Those long commutes to work may mean less sleep and exercise, study says
Commuting long hours is an inevitable part of life in big cities like Istanbul. Unfortunately, commutes not only suck up your time but may also be hazardous for your health, according to new research.
A Swedish study published in December found that people with full-time jobs who endure long commutes may be more likely to have sleep problems and sedentary lifestyles than counterparts who work closer to home.
Among individuals working more than 40 hours a week, commuting more than a half hour each way to work on a typical day was associated with a 25% higher risk of having an inactive lifestyle and a 16% higher risk of sleep problems, the study found.
"Sleep problems may arise from lack of time for stress-releasing activities and relaxation," said lead study author Jaana Halonen of Stockholm University and the Finnish Institute for Health and Welfare in Helsinki.
"People may also be too tired to be physically active after a long working day and commute," Halonen said by email.
Most adults' daily schedules are determined by their work routines, including how much time they spend getting to and from their jobs, Halonen and colleagues note in Occupational & Environmental Medicine. While long work hours have been previously linked to unhealthy behaviors like inactivity, smoking and poor eating habits, less is known about the combined effect of excessive work and endless commutes over time.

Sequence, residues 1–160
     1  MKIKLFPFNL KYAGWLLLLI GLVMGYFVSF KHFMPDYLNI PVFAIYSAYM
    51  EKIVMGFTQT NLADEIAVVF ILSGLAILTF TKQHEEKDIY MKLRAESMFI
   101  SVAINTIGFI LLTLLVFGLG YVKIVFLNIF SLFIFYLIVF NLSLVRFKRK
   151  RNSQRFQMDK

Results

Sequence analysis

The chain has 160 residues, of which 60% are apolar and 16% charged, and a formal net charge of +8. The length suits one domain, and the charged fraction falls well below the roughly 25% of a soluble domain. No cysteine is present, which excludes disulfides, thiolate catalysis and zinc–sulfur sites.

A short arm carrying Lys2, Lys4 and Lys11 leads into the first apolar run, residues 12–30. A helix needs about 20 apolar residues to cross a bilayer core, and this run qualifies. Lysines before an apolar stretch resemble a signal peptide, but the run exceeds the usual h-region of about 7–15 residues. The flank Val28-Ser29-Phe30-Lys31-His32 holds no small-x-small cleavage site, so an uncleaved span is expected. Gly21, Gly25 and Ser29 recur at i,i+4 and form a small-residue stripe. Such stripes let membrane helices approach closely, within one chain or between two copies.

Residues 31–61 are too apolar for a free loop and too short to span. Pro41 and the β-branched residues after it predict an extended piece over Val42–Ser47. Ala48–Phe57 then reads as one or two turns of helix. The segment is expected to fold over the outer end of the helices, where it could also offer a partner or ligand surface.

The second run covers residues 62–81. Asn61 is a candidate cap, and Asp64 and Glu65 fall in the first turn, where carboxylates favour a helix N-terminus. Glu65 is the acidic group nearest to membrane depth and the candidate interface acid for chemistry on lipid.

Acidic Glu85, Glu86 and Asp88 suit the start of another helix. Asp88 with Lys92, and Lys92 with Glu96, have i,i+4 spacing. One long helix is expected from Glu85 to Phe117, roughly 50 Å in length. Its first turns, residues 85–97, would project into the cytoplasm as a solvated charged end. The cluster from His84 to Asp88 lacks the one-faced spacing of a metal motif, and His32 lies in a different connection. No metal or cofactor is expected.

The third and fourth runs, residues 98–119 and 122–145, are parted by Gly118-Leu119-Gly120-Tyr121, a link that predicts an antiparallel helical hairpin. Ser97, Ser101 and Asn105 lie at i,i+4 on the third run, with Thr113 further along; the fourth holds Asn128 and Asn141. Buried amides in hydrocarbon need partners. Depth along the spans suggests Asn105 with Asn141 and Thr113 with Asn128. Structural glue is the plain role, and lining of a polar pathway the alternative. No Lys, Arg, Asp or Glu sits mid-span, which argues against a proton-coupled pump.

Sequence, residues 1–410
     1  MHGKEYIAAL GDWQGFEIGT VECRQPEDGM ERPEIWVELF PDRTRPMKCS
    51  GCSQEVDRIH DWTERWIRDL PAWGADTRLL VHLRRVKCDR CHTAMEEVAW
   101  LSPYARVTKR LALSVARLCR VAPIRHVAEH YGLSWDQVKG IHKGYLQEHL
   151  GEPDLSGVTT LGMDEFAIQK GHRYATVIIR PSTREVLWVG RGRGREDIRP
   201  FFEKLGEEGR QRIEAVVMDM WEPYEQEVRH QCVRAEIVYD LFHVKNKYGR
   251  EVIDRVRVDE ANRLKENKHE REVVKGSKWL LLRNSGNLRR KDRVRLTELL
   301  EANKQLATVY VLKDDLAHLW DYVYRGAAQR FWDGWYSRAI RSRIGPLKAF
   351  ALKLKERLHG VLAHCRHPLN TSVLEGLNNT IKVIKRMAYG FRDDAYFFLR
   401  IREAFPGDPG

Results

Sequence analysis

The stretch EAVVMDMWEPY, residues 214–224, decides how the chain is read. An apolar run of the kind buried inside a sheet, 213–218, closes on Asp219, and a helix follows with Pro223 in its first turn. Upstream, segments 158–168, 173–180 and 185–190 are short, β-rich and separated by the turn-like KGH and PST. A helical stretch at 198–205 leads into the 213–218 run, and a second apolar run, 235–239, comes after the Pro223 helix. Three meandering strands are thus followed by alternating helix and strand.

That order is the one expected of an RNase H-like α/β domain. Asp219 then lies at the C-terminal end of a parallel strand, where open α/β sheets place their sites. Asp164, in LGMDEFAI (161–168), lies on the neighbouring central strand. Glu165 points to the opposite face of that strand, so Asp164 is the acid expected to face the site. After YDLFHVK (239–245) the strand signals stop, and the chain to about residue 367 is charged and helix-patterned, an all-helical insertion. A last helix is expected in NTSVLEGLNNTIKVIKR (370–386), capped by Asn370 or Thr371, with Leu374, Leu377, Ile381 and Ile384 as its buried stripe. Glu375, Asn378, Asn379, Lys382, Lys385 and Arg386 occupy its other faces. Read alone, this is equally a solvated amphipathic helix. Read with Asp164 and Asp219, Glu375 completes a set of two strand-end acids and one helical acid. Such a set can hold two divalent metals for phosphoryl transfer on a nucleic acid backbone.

For the current study, researchers surveyed more than 22,000 working-age adults at least twice between 2008 and 2018 about their work and commute hours as well as how much they drank, smoked, exercised and slept. They also asked about participants' height and weight to determine body mass index (BMI).
At the start of the study, participants were 48 years old, on average.
While many commuters had a consistent route to work throughout the study, 14% had commute times change once during the study and about 5% changed commutes at least twice.
Among people who normally worked less than 40 hours a week, commuting time didn't appear to influence health behaviors like drinking, smoking or exercising, the study found.
People with longer work hours and long commutes appeared more likely to be overweight than those who worked or traveled less, but this difference was too small to rule out the possibility that it was due to chance.
Researchers lacked data on how people commuted, making it unclear if they had inactive modes of transit like driving or if they got some exercise by walking or cycling.
"We know walking and cycling for commuting tend to be associated with better health," said Oliver Mytton, a researcher at the University of Cambridge in the U.K. who wasn't involved in the study.
"There is clearly a message here about when choosing a job with a long commute, one needs to think about its impact on health – and if one does to choose to do that what one might do to mitigate that, such as working from home, finding a way to build walking or cycling into a long commute, or blocking out time for exercise," Mytton said by email.
"Of course not everyone has so much choice over where they work or the opportunity to work from home – which suggests there is a role for employers (and governments) to show flexibility to employees' needs," Mytton added.